I have a few of these Marples & sons cast steel centre bits that lost it’s centre pin (for the lack of a better term) somewhere between the late 1800’s and the present day. You might remember a post where I fashioned a so called Brace Bit Birdcage Awl from one of these bits some months ago. In the photos below you will see a centre bit that is still completely functional and one that I converted into a marking all-rounder. By this I mean a tool that is compact (can be carried around in my custom made leather shop apron) and functions as a marking knife as well as a birdcage awl. If you click on the pictures they will open up in a larger format, which should help to explain how the shape of the cutting end would accomplish the all-rounder status. I wrapped some leather around the shank for a comfortable grip.



Stanley Bedrock no. 607 Jointer rehab

24/7/2014 This #607 Bedrock arrived today after an arduous journey across the Atlantic Ocean and the Equator. It left Ashby (Massachusetts) in the US of A on 7/2/2014 as carefully packaged by Patrick Leach. I cannot say enough good things about my dealings with Patrick so far. You can find his details on the library page of this site.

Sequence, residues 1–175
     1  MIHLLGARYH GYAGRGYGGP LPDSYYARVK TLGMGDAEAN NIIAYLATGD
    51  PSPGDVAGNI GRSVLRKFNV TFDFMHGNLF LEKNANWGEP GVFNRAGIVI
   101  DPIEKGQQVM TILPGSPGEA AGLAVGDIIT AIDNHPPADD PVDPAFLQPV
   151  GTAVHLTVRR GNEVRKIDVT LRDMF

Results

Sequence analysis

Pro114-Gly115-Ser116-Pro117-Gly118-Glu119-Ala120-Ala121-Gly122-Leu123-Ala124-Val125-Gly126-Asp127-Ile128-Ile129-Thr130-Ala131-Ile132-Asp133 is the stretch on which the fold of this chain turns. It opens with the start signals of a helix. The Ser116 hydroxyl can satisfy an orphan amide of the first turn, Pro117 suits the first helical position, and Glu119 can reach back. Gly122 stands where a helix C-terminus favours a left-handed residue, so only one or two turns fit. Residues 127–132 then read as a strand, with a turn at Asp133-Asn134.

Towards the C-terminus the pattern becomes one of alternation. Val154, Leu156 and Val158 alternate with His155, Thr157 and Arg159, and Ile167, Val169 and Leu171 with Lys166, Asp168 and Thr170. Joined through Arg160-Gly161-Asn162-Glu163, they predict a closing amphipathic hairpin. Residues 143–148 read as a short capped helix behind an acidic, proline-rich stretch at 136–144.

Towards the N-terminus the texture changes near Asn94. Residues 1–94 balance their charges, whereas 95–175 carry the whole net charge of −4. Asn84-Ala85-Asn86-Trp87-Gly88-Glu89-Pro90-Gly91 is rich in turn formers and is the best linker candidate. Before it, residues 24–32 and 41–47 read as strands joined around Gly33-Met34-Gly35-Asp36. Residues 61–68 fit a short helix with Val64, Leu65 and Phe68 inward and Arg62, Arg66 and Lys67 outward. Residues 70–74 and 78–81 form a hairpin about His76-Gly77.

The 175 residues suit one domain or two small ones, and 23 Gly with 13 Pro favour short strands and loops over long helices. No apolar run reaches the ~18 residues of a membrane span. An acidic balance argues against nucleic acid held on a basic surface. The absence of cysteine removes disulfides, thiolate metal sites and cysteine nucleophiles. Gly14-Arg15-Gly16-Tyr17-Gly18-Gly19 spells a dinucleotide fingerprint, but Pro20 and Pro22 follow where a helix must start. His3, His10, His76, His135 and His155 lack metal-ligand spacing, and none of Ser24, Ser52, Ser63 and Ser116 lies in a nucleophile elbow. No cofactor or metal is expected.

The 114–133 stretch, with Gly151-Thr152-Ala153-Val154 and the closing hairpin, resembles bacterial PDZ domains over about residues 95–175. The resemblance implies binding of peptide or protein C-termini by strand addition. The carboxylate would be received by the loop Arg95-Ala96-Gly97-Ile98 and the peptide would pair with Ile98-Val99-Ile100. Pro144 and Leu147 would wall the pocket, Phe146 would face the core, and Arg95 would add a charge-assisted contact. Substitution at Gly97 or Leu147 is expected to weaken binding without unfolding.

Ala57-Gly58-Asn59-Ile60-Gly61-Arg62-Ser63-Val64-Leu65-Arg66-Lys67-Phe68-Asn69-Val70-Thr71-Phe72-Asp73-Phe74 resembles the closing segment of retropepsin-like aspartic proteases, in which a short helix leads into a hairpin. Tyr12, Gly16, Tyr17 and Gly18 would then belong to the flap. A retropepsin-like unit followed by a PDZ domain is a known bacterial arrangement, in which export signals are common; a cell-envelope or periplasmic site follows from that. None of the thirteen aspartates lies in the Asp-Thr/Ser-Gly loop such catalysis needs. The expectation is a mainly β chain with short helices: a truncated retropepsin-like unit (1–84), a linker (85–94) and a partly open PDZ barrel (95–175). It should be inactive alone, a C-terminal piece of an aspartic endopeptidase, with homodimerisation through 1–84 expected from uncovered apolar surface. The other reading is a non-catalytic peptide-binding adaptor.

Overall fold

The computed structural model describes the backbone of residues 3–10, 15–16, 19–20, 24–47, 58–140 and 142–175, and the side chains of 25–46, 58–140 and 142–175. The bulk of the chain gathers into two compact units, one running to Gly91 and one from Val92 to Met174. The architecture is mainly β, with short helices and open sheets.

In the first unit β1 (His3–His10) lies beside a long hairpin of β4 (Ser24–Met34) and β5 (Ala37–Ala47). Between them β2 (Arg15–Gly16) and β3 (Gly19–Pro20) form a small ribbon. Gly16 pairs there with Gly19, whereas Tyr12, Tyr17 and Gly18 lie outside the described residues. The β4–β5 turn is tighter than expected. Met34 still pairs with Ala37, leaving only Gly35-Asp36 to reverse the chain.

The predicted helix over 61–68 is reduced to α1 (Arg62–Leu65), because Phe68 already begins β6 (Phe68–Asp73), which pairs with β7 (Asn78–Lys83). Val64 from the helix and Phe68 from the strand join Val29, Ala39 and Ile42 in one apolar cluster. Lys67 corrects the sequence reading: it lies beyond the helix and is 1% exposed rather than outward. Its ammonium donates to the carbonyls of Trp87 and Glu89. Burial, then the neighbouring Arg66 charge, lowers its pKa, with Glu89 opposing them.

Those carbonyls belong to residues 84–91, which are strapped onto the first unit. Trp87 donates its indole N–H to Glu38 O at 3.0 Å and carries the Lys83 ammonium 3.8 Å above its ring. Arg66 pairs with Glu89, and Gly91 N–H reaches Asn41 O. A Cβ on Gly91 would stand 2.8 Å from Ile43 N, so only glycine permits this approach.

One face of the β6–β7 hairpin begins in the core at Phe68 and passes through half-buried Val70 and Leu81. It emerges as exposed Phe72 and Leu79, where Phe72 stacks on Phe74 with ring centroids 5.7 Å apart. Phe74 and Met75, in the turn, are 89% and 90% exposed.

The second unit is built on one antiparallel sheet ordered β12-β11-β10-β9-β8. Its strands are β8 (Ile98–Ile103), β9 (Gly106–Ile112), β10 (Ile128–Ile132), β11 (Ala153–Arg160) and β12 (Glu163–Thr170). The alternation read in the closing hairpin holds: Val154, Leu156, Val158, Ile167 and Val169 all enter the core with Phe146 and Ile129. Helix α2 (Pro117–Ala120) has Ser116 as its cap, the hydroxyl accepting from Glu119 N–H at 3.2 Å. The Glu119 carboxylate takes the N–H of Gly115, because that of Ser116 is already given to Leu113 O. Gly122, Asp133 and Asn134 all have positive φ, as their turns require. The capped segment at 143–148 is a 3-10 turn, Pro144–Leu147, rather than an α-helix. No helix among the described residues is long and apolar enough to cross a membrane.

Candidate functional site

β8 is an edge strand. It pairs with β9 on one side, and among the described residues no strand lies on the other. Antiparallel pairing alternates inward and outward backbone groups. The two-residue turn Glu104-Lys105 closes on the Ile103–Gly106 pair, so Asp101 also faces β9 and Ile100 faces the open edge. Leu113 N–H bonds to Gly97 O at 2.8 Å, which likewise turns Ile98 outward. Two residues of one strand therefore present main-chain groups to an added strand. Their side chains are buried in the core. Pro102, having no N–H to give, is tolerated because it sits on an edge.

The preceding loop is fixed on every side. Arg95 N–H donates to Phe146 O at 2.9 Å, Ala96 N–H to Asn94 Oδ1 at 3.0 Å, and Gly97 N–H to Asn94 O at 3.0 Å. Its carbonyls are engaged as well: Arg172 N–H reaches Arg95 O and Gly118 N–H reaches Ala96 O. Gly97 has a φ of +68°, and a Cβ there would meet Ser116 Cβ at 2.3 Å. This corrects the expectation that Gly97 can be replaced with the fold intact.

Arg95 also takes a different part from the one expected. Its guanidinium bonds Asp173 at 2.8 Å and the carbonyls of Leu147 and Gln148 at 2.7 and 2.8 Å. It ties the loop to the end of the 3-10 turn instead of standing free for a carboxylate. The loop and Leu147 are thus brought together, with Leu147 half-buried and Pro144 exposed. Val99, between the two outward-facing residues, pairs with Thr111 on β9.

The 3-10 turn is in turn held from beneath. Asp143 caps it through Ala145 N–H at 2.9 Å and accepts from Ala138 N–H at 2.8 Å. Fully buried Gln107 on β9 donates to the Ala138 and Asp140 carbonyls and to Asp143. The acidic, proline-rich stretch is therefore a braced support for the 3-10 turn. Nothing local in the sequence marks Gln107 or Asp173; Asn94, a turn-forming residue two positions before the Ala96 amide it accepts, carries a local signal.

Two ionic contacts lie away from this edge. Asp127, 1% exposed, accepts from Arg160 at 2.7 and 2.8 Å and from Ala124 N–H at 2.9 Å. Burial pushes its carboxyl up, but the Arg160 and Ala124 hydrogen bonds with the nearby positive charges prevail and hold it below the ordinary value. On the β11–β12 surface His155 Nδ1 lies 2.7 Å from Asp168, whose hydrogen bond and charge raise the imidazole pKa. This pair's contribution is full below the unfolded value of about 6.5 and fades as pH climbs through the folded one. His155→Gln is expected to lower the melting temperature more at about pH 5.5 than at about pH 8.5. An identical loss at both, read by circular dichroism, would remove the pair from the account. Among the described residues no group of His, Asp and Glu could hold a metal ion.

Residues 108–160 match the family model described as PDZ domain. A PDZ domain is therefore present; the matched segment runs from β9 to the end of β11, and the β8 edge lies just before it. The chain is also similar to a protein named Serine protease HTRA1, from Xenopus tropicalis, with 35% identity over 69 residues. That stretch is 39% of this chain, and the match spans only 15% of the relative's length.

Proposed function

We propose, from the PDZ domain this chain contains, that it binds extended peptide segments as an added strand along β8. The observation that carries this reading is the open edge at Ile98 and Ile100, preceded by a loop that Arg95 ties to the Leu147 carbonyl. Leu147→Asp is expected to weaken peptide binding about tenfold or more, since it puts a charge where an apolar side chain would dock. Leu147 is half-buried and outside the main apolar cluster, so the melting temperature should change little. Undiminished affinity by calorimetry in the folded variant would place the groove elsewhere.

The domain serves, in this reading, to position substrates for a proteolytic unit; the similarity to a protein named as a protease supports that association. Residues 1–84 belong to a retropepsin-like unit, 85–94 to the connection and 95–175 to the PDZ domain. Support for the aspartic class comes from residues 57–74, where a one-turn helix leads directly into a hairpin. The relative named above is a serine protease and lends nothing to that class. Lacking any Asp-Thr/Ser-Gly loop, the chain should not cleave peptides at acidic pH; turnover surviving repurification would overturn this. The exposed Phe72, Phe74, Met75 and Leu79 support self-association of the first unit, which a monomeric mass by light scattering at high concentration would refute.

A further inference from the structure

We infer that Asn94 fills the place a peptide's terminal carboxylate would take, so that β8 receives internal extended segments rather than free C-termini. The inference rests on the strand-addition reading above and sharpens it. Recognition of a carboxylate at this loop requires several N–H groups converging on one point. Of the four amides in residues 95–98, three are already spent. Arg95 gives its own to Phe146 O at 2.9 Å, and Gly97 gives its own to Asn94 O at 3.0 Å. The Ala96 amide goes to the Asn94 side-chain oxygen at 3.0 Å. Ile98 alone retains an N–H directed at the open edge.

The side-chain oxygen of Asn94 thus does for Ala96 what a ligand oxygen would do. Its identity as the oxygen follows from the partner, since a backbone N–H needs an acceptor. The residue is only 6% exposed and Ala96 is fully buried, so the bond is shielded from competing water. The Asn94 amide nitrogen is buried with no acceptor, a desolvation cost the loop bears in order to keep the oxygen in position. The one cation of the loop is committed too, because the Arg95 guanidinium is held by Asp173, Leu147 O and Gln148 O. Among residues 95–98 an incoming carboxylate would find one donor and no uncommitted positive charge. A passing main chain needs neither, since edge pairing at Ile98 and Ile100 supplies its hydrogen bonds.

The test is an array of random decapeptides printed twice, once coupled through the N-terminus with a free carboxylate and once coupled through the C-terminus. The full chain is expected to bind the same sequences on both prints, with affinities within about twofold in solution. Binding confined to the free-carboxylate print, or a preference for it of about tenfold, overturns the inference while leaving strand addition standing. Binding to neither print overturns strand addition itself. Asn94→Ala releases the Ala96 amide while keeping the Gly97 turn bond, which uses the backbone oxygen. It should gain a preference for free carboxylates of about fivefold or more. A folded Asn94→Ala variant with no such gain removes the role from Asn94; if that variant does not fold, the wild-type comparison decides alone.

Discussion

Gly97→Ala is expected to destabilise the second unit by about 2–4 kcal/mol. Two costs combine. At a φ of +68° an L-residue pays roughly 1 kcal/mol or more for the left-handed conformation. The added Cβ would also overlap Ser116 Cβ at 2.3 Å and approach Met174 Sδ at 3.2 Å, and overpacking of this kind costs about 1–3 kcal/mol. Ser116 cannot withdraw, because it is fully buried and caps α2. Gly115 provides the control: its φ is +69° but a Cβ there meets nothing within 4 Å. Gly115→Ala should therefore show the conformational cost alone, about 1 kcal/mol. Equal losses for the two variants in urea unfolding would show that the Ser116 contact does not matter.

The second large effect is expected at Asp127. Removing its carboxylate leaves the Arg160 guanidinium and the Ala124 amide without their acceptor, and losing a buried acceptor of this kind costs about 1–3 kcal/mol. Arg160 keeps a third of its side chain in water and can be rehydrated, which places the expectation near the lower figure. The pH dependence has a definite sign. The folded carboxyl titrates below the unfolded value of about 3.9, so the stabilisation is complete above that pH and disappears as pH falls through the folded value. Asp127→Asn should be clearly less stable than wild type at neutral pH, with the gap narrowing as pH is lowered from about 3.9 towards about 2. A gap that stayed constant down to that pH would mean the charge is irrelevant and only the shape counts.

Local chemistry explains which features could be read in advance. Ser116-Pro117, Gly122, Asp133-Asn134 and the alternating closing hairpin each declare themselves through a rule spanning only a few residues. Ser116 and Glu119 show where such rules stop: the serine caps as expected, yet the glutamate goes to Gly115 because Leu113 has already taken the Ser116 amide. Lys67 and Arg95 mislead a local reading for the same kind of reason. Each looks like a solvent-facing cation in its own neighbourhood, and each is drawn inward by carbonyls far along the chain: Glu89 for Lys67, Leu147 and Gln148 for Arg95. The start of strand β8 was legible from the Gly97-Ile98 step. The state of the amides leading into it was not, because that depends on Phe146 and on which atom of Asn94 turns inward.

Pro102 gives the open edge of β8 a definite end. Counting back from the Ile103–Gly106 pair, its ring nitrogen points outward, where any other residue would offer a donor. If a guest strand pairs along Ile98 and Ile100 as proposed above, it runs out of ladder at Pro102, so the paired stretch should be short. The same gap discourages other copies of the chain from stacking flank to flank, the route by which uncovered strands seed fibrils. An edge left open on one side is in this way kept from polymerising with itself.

I first thought that the plane only needs it’s blade to be sharpened, but eventually succumbed to my obsession to redo it completely. I have to warn you once again that it might not be a good idea if you want to sell the plane in future, but I am not a collector and do not plan to part from this plane. The only tools that I have been forced to part with are those that got stolen over the years. TIA as they say, this is Africa.


Here are some photos of the plane as I took it apart.





The frog screws and frog adjusting screw were a bit difficult to unscrew due to gunk and rust, but after a soaking in Q20 it could be persuaded to vacate it’s cosy abode.




Today I received the frog and blades back from Kenney at the Prop Shop who bead-blasted all the gunk and japanning to Kingdom come. You will notice the blade and chip breaker of a #10 in the picture, but I am writing a separate post on that process.




This what the main casting looks like when cleaned by a professional.



Masking tape before makeup.



The rust converter coat.



The anti-rust undercoat.



The frog with it’s enamel paint finish.



Main casting after painting.



Japanning finished … now for the bits of metal work … flattening surfaces, sharpening blade and prep chip breaker.